We woke up early the next day for a sidetrip to Vigan. It only costs ninety pesos to ride an ordinary bus from Laoag to Vigan. Believe me, waiting for the bus to leave is easier than say, waiting for the bus to move along EDSA. The drivers probably understand that the passengers do not have the luxury of time to wait for passengers that will never come. Besides, there are plenty of passengers waiting in the other towns, as this is their only mode of transportation going to Vigan. Bumpy roads are a thing of the past so one enjoys a smooth, relaxing ride.

After two hours, we finally found ourselves in the bustling center of Vigan, Ilocos Sur. As we all know, Vigan is also a UNESCO World Heritage Site and is a haven for historical conservationists. It has often been said that time seems to have stopped in Vigan, and rightfully so. The Arzobispado, St. Paul’s Metropolitan Cathedral, Plaza Salcedo and the whole stretch of Calle Crisologo (where souvenir and furniture shops abound) attest to the 300+ relationship established between Spain and the Philippines. It is also home to the Terracotta Red Clay Industry, Abel Iloco Weavers and Native Delicacy Makers. However, Vigan also fuses the old with the new. The blood of commercialism pumps new life in this bustling town, albeit through “old” veins. The mall and several fast food establishments were made to look like old buildings, lending a modern touch to its old world look. Tourism is also booming, judging from the number of local and foreign tourists alike who don’t seem to mind walking through this timeless place in the heat of the sun. To make the most out of your trip, make sure to visit the Ilocos Sur Tourism Information Center for brochures and useful tips.

On our last day, we visited Suba Beach, hoping to go for a swim. Instead, big waves welcomed us. So we just contented ourselves with walking along the stretch of coastline and waiting for the great white foam to reach the shore and topple the little sandcastles. Time seemed to pass by so slowly, one wishes to stay there forever and listen to the constant sound of the waves that is sure to lull anyone to sleep.

We also had the chance to see the sand dunes nearby: great mounds of sand constantly being formed and eroded by the wind. Yes, that’s right, sand dunes in our own backyard. And you thought they only exist in Africa.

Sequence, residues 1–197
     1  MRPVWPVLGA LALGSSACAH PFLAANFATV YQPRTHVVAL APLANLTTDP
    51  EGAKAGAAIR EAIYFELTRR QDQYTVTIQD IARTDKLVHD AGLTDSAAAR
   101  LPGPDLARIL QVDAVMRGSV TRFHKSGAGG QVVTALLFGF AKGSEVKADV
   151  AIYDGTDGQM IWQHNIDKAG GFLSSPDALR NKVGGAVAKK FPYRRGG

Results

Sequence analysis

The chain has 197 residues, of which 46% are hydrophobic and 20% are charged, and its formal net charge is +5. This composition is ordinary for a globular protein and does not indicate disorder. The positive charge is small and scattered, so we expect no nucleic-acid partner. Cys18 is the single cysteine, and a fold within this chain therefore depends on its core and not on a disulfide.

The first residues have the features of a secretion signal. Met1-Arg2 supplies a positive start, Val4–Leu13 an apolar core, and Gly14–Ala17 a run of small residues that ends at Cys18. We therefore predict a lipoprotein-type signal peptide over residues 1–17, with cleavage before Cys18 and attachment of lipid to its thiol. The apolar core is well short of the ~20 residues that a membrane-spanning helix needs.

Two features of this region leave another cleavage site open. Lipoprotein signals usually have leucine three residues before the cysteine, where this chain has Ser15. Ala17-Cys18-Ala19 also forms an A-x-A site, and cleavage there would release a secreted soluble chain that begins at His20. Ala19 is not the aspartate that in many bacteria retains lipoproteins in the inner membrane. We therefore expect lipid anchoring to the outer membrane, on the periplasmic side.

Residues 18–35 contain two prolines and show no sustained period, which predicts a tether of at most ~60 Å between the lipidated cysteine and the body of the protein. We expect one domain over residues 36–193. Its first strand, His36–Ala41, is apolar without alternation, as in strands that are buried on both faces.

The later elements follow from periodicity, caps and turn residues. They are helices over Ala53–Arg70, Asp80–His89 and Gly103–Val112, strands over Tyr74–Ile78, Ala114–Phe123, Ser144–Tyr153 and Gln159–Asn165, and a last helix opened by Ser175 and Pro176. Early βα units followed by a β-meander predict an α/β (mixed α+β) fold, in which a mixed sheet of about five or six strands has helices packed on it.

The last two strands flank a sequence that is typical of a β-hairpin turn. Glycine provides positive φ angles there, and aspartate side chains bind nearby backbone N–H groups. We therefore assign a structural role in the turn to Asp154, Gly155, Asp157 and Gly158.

Our last stop was the Ilocos Norte capital of Laoag. We had our pictures taken at the capitol, which looked almost, if not exactly like the one in Ilocos Sur. The people there were kind enough to give us brochures about the province. We also visited the St. William’s Cathedral and its Sinking Bell Tower, which was strangely a street away. I strongly recommend spending some time in downtown Laoag as the various sights are just a stone’s throw away from each other. Other sites worth visiting are the Tobacco Monopoly Monument, the Marcos Hall of Justice and the Museo Ilocos Norte.

Ilocanos seem to like eating al fresco. The plazas in both Laoag and Vigan have sections solely devoted to selling its famous delicacies like bagnet (deep-fried pork meat), empanada (a filling combination of vegetables, eggs, and longganiza wrapped in rice batter and deep-fried), bibingka (rice cake) and tinubong (a delicacy made from rice, coconut and brown sugar cooked in bamboo tubes over coal) among others. Both dining establishments are well-maintained as Laoag and Vigan boast of being two of the cleanest and greenest cities in the Philippines.

The whole Ilocos experience is all about satisfying the senses: the rich empanada filling dipped in sukang Iloko, the crunchiness of bagnet, the smell of freshly roasted chicacorn and the aroma of miki Batac and haybol, the feel of abel and old wooden bauls. It is all about the sight of old churches, magnificent sand dunes, and imposing provincial capitols, and appreciating the art of burnay making; of the merry clickety-clacks of the calesas around town and the wonderful mélange of animal sounds that greet you each morning. It is about the Ilocano smile that welcomes each visitor. It is about rubbing elbows with other tourists, foreign and local alike. For a moment you are united because they, like you, are also there for an authentic Ilocos experience.

The phrase Umay kayto manen (Come again.) will probably best sum it all. Ilocos is forever mysterious, luring everyone to come back and discover more of her hidden treasures. It has taken me a decade to come back, yet I yearn to return soon and partake more of what she has to offer. I would like to visit the beautiful beaches of Pagudpud, the old watchtowers that dot the coastlines of the two provinces, the public markets and the numerous museums. I would like to continue my journey of discovering more gustatory delights. I am proud to say that I’ve been there twice and still loving it.

It was another eight-hour trip on board the Fariñas bus. The people seemed to have been resigned to this lengthy journey and brought out their pillows and jackets with dreams (nightmares?) of Manila looming in their heads. Once again the bus was filled with luggage, pasalubong for the folks in Manila. I was happy to have survived the Ilocos trip. There were no cackling old ladies in the bus this time. J
It is timely to read your piece as I'm a week away from my trip to Vigan and Pagupud. With your satisfactory food trip, sight-seeing and sun-soaking, I bet I'd be crying your article's title even before I head back home. =)

I'm just curious, who were you with on your trip?

You mentioned this is your second time to go to Ilocos. Did you go to the same spots or to the ones unexlored yet? I guess that can be a good angle to try if you're considering to revise.